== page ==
What’s this? There are sequels everywhere, and now Tim Burton’s Gothic stop-motion animated classic The Nightmare Before Christmas is getting one too.
Only it’s not a sequel meant for the cinemas. The Nightmare Before Christmas sequel is coming in the form of a comic book, nearly 25 years after the original first waltzed into theaters.
Manga publisher Tokyopop has obtained the license for a Nightmare Before Christmas comic book project, according to The Hollywood Reporter. The comic books sequel is titled Nightmare Before Christmas: Zero’s Journey, and will follow Jack Skellington’s dog, Zero, as he gets lost in Christmas Town.
Tokyopop has already published a manga adaptation of Burton’s 1993 original film. Apparently, the manga publisher has been releasing manga editions of each of the live-action Disney adaptations, with Beauty and the Beast being the most recent one. To capitalize on that film’s following, Tokyopop even released separate Belle’s Tale and Beast’s Tale editions. The cover for the 2005 manga adaptation of The Nightmare Before Christmas is below.
The new Nightmare Before Christmas sequel series will be a direct follow-up to its manga adaptation written by DJ Milky with art from Studio DICE. Tokyopop aims to launch Zero’s Journey in spring 2018 and will release more information about the series in the coming months.
THR reports that the project will “be serialized as full-color single issues released to comic book stores, before being collected in two different formats simultaneously, in full-color trade paperbacks and black and white ‘pocket-sized manga’ volumes” — an unusual approach for a manga company, which usually only releases black and white manga paperbacks. But Tokyopop is probably releasing the color issues with the American audience in mind — American comics are usually released in color single issues before being compiled into trades.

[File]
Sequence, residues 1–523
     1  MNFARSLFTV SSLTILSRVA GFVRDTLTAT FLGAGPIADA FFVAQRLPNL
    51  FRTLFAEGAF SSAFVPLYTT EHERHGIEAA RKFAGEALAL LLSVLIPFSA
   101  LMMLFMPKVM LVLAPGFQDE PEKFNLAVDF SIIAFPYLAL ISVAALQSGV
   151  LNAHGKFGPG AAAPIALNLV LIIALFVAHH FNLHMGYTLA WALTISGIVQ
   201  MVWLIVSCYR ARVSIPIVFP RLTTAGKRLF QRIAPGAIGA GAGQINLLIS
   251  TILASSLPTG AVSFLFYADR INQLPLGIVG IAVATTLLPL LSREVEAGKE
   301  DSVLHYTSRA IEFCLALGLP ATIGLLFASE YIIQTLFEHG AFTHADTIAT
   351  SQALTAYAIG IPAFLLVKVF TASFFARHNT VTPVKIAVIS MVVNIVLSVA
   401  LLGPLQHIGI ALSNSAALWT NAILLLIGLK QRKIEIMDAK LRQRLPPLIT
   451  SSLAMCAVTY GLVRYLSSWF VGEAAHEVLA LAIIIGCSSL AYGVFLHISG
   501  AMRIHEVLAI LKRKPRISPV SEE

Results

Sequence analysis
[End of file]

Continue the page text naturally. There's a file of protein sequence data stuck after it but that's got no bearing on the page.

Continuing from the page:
I had no idea that Tokyopop and Disney had an ongoing partnership to adapt manga versions of Disney properties — the next planned project is a new five-volume series of Kilala Princess where she meets Disney princesses like Belle and Merida — but as someone who read a few Kingdom Hearts manga books, I’m not surprised. Disney must have found that the manga market is lucrative after they launched the Kingdom Hearts manga in 2005 (which another company had actually begun printing 2 years before), and have turned to Tokyopop to expand their global market.
I do think it’s strange that Disney would not turn to Marvel to print a comic book sequel to The Nightmare Before Christmas. Marvel is actually owned by Disney versus the Tokyopop partnership, and Disney would likely have more power in the content of the books. But I’m guessing it’s because Tokyopop had long been publishing Disney adaptations that they’re continuing it as this manga-comic book hybrid.